The real remedy for Zoom fatigue isn’t what you think


Caitlin Ryan is a sophomore English major.

After Zoom classes end, the first thing many of us do is check social media, and after our feeds finally lose our attention, we might turn on the TV to unwind. Now that school has been virtual for 2.5 semesters, coupled with the seemingly never-ending and addictive content on our phones, tablets, and TVs, it may be harder than ever to unplug.

 While it might seem like we’re relaxing and remedying our Zoom fatigue as we gaze into our devices, we’re actually doing the opposite — adding more strain to our eyes and minds. Making the resolution to disconnect and relearn how to unwind intentionally without screen time takes work, but it’s imperative that we do so — and soon. 

Social media algorithms, like that of the popular app TikTok, are curated to reflect the user’s interests, which contributes to our inability to regulate time spent on these apps. On top of that, the fact that consumers can scroll without running out of content is terrifying to me. Although I only use a couple of social media apps, like Instagram, the abundance of content I receive makes it difficult to put down my phone each day. The prominence that social media has taken in young people’s lives and social culture should concern us too. 

We aren’t an ignorant society — at least when it comes to knowing how too much screen time can negatively impact us. This age of information has heightened awareness around the negative effects of screen time, among them: the potential degradation of our eye health, increased risk of developing depression and anxiety, and the sheer amount of time we waste on screens throughout our lives. 

The blue light that screens produce, in particular, is the worst offender. From its known impact on our ability to get a good night’s sleep to how it affects our eyes and cognitive function, watching one more episode of “Friends” or mindlessly scrolling through Depop, especially before bedtime, doesn’t feel as good when we know the science behind it. In addition to blue light glasses, which you can invest in to combat eye damage, there’s also a blue light sunscreen you can buy, as too much exposure to the light emitted from electronics can be aging and damaging to our skin

As easy as it would be to add blue light-combatting gadgets to our Amazon carts and call it a day, the healthiest long-term solution to blue light’s effects is powering off and finding less screen-heavy ways to spend our time.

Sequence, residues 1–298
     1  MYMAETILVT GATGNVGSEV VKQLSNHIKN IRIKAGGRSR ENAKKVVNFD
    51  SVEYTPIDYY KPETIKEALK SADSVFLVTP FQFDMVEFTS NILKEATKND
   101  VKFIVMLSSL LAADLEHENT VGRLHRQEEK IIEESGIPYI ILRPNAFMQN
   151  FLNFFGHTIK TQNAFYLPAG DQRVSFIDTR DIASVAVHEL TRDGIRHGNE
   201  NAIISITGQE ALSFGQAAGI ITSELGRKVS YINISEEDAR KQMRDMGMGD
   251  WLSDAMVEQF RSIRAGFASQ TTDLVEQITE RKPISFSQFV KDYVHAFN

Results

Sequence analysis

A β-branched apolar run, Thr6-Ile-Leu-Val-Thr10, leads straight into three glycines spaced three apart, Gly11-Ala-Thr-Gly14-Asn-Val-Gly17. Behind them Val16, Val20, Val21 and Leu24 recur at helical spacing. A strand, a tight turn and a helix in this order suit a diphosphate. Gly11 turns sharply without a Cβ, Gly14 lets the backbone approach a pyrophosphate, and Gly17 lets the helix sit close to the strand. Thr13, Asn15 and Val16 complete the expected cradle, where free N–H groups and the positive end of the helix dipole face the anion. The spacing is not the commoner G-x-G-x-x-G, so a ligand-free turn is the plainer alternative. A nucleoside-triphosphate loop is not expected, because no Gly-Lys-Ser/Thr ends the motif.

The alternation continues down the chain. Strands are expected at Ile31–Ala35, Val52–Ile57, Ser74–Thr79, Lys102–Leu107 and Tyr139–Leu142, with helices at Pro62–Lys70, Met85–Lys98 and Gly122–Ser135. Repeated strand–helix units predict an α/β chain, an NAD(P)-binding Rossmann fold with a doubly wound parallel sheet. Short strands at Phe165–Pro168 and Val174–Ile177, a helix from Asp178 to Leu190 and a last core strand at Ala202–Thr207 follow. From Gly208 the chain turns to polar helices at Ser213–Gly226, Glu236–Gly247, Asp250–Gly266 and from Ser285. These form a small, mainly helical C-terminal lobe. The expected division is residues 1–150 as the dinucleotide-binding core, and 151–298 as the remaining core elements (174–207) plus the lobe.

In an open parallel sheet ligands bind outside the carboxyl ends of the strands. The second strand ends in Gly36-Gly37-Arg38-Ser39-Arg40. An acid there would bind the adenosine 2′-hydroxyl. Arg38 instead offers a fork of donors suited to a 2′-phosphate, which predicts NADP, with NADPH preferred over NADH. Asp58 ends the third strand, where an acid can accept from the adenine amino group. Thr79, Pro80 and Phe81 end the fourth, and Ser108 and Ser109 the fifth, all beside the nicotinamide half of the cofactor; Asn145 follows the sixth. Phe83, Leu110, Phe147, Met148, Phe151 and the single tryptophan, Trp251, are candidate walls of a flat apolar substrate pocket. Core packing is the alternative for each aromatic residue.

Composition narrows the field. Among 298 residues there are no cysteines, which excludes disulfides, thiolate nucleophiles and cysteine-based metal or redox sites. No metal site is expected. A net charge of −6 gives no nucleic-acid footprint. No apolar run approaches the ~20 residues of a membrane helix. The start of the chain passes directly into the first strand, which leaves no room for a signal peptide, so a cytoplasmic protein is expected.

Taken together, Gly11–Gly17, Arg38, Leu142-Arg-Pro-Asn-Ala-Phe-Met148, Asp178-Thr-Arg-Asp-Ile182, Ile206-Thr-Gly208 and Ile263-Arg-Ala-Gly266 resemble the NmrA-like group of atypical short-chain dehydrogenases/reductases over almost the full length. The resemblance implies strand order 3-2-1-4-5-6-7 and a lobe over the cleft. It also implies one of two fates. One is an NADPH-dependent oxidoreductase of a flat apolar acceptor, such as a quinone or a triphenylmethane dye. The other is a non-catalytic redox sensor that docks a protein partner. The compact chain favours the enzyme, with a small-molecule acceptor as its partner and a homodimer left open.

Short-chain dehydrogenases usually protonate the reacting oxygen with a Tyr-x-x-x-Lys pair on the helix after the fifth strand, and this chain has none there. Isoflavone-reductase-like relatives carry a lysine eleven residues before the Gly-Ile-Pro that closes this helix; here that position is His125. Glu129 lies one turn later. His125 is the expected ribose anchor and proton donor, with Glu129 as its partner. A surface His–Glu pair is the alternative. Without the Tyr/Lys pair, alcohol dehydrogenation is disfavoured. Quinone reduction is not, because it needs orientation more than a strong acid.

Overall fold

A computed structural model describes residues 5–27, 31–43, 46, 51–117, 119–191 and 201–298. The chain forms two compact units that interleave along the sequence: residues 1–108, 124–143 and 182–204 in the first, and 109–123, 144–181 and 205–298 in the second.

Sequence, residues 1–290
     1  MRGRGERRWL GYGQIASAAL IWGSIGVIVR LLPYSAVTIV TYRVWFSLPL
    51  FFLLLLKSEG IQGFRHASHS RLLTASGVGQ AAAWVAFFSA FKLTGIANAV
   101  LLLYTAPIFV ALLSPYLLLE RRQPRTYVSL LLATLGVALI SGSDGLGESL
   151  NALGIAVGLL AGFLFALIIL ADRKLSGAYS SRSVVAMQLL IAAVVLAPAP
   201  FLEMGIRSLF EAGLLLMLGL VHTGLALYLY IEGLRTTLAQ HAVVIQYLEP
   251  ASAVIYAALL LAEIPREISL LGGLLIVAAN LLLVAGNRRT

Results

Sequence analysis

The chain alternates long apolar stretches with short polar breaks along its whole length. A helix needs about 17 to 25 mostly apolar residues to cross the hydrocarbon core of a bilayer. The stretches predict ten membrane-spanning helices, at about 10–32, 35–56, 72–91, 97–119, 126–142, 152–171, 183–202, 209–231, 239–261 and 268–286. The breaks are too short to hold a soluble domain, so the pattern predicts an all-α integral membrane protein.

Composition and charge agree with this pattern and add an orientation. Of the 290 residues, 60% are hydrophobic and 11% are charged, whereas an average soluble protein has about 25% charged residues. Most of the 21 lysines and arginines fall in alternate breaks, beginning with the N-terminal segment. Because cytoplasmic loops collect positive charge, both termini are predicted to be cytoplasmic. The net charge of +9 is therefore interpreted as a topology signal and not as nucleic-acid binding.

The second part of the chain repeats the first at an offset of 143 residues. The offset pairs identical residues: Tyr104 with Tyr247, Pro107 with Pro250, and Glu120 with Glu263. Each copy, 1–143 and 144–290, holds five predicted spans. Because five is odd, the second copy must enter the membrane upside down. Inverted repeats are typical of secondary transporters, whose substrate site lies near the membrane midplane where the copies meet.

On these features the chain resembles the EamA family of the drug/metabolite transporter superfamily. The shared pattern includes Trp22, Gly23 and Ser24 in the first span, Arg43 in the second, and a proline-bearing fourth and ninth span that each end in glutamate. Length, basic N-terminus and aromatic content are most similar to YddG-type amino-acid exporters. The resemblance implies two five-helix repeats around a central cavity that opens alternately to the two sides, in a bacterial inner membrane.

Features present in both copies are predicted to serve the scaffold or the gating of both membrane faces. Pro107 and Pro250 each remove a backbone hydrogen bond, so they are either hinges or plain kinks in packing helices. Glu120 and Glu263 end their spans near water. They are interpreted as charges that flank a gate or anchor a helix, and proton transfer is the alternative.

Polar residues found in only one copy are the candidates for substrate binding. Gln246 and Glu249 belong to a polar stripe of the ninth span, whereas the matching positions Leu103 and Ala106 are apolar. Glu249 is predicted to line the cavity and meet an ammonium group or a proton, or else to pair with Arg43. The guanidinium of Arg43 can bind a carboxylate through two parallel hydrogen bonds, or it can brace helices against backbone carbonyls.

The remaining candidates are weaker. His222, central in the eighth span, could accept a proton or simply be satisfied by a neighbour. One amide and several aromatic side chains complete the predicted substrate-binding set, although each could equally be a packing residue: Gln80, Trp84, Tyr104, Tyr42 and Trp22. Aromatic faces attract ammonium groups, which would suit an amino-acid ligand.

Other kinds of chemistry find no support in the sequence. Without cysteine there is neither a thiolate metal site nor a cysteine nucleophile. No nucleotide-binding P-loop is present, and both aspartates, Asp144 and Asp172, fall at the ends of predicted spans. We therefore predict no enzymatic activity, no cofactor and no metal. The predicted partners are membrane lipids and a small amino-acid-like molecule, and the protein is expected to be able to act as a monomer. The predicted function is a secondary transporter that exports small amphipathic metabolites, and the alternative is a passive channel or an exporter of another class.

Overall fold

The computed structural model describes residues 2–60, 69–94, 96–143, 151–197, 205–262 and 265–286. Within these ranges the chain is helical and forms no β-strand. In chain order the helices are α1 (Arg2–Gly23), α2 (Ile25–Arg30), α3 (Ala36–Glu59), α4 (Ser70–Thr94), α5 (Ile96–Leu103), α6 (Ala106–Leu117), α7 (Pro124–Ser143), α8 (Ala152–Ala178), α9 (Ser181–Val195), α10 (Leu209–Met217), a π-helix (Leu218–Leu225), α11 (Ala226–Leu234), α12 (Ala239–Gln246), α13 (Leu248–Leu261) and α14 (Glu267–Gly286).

I challenge you to set screen time limits on social media and streaming apps — a feature available in the settings app of most smartphones — and to unwind intentionally without screens. Reading, for example, is an underappreciated escape that I’ve always loved. So, if you’re curious as to whether the book is really better than the movie, try it out and let your friends know. Unwinding without a screen while still exploring an imaginative and drama-filled world is as easy as cracking open a good novel. 

The addictive nature of screens can cause us to neglect aspects of our well-being as well, for example, by failing to challenge our brains intellectually and creatively through other mediums. We should ask ourselves how intelligible and productive most of the media we’re consuming is (I’m looking at you, mediocre TikTok remakes). From taking a walk, to cooking a meal, to working on a puzzle — there are so many better ways we could be spending our downtime that would actually give us a break. And let’s be real, it’d also give us something wholesome to post about on our stories later.

Trust me, after hours of attentiveness on Zoom, the urge to turn to social media, streaming, or gaming is almost incontestable, but it’s ultimately unproductive in most cases. As a creative person, the most tragic aspect of electronics’ all-encompassing nature is its ability to enthrall users so much that they can become drained of creative inspiration and the motivation to challenge themselves imaginatively.

The fight against technological tyranny is real, and the benefits of disconnecting could be incalculable for our physical and mental well-being. Although there is very real societal pressure to participate on social media and keep up with the latest Netflix shows, I invite you to be brave and think of all of the times you’ve looked up from your device, checked the time, and realized you don’t know where those hours went. Challenge the excessive consumption of screen time that has been normalized during the pandemic, and most importantly, contemplate the importance of making time to remain present in the current moment. 

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